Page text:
BUSINESS

Hyundai Motor to launch pickup truck to boost US sales

By Kim Bo-gyung
  • Published : Aug 23, 2017 - 16:57
  • Updated : Aug 23, 2017 - 16:57
Hyundai Motor‘s Santa Cruz crossover truck concept vehicle unveiled at the 2015 Detroit motor show. (Hyundai Motor Group)

Hyundai Motor, South Korea’s No.1 automotive company, will tap into the pickup truck market in the US with the aim of boosting its sluggish sales there, the company said Wednesday.

Michael J. O‘Brien, vice president of corporate and product planning at Hyundai Motor America, said the company’s top management in Seoul had approved plans to go ahead with pickup truck development, according to Reuters.

O’Brien added, the approval is part of Hyundai Motor’s plan to catch up with US motorists’ change in preference of bigger vehicles from sedans.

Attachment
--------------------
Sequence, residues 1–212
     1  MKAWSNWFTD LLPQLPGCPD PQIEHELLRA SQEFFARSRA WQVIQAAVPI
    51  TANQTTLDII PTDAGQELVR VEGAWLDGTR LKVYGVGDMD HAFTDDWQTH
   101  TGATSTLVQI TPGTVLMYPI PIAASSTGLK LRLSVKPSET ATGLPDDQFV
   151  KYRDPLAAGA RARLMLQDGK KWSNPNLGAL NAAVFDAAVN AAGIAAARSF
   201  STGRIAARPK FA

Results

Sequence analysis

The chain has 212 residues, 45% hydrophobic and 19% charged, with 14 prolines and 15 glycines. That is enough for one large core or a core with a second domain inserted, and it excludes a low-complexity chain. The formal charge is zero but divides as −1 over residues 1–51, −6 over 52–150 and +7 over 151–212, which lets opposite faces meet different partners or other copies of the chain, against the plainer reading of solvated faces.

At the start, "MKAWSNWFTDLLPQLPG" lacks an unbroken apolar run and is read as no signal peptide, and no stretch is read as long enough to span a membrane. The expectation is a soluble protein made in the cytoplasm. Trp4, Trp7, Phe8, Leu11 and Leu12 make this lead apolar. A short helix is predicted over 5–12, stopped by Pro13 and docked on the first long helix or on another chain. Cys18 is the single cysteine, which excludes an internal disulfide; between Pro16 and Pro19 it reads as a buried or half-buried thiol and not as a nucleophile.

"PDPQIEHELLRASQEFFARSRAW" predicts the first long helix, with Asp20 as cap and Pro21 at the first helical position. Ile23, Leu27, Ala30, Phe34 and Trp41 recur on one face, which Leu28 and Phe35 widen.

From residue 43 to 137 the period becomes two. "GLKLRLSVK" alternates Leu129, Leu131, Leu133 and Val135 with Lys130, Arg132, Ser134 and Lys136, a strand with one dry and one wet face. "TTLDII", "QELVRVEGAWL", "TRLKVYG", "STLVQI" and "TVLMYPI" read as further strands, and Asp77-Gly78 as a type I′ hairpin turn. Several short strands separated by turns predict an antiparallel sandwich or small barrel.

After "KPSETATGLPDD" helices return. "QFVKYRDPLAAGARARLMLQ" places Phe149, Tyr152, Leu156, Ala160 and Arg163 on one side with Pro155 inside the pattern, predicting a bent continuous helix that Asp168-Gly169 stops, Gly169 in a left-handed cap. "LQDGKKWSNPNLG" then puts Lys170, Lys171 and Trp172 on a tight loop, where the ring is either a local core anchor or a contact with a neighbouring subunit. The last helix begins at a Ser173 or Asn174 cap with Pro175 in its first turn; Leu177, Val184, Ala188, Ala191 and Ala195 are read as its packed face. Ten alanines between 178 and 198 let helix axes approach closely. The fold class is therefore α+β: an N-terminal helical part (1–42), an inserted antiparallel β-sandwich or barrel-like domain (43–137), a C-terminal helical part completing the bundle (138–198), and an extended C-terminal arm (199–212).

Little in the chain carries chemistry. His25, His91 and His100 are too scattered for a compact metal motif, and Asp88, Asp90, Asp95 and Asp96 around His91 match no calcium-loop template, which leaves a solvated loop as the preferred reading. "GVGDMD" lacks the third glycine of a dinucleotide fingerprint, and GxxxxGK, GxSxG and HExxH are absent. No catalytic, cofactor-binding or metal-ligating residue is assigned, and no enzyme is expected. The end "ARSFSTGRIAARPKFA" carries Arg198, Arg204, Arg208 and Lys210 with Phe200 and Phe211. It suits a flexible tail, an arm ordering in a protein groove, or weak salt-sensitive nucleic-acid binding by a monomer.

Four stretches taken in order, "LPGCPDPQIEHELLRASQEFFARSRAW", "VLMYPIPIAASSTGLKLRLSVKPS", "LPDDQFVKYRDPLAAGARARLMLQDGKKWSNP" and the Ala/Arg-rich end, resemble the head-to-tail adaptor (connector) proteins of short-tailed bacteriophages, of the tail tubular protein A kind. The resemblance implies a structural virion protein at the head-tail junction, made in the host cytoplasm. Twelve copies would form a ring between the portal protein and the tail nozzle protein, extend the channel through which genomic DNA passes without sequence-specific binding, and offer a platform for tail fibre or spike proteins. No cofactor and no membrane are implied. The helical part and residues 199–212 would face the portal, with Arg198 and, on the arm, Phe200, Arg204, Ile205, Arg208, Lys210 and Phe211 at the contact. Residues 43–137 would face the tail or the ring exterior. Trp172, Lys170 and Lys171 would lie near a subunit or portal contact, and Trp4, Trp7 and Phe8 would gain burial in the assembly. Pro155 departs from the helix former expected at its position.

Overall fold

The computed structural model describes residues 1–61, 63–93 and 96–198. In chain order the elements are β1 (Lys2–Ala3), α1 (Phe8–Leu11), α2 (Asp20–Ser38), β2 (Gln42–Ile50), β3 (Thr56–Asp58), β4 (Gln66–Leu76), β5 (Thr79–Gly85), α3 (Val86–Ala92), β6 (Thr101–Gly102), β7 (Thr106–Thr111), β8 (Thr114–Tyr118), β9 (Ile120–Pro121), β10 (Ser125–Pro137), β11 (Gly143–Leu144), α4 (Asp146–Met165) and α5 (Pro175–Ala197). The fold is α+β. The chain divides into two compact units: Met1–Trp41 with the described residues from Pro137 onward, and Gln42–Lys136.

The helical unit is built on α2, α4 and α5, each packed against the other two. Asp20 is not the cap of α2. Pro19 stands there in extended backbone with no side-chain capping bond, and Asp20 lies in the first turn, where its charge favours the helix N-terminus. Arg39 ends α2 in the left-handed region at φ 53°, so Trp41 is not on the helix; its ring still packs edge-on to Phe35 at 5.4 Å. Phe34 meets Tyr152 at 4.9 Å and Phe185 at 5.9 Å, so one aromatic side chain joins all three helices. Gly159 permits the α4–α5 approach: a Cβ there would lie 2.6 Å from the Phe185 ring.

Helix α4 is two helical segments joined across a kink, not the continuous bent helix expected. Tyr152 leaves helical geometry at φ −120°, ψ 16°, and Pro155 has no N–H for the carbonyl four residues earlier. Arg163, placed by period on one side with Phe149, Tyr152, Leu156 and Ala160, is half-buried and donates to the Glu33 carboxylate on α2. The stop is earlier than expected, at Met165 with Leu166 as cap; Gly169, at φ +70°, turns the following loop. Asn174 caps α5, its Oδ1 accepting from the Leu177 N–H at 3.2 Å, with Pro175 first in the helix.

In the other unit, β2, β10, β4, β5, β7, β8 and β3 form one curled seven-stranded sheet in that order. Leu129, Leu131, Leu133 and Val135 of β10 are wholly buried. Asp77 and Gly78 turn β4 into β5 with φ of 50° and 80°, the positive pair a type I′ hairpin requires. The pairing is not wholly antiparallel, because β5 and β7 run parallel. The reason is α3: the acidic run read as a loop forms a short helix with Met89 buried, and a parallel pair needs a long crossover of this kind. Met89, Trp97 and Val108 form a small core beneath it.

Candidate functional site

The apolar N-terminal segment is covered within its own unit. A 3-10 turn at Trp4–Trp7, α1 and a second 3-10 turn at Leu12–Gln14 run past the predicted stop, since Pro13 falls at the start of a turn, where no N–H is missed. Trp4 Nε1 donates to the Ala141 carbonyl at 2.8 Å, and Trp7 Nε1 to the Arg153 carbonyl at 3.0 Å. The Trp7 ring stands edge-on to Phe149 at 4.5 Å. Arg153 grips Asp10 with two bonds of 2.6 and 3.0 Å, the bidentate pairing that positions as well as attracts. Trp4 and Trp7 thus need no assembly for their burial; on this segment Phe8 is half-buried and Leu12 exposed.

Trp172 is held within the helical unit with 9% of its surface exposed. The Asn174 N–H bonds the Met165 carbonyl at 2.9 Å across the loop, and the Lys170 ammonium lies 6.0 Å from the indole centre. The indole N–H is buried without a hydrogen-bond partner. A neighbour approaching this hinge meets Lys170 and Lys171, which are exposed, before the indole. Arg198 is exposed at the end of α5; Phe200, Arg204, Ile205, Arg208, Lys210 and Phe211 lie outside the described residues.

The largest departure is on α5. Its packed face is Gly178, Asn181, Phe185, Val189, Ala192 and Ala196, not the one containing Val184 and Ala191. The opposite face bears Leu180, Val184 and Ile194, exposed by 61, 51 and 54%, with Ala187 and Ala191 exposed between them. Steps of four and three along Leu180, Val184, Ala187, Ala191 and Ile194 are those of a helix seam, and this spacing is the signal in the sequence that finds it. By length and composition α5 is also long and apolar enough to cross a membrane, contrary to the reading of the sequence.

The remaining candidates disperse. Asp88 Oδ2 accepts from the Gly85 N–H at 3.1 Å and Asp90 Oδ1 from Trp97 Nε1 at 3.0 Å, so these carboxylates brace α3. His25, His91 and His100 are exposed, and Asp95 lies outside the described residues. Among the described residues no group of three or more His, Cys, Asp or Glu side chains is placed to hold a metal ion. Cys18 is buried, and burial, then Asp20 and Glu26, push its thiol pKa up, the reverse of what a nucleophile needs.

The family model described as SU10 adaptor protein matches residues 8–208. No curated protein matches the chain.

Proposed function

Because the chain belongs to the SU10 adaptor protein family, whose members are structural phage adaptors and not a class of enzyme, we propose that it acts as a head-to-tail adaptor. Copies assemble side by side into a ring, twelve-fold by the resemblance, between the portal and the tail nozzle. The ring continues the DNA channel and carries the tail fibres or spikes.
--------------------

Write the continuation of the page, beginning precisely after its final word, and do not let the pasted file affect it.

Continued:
Automakers in the US sold 10.6 million units of light-trucks, including SUVs, CUVs and pickup trucks, in 2016, up 7.2 percent on-year, according to WardsAuto data.

Hyundai’s soon to be produced pickup truck is expected to resemble the Santa Cruz crossover truck concept vehicle unveiled at the 2015 Detroit motor show.

Santa Cruz concept marks the first vehicle planned and designed by Hyundai Motor America, the company said.

Hyundai Motor currently does not produce any pickup trucks.

“We are reviewing matters related to the pickup truck,” said the spokesperson for Hyundai Motor.

As a late comer to the SUV market, Hyundai Motor will also roll out Kona compact SUV in the US by the year’s end, seeking for a piece of the popular market.

Hyundai Motor has been dealt a blow in US sales, as it has missed out on the SUV boom.

Hyundai sold 54,507 units last June, down 19.3 percent on-year, including sales posted by premium Genesis brand, the company said.

“Pickup trucks are traditionally favored vehicles in the US and owners tend to show strong brand loyalty. Sales of pickups make up a significant part of GM, Ford and other automakers in the US,“ said Kim Pil-soo, an automotive engineering professor at Daelim University.

”US had levied high tax on pickups to protect US-based automakers. But that is no longer the case due to the Korea-US free trade agreement.“

By Kim Bo-gyung (lisakim425@heraldcorp.com)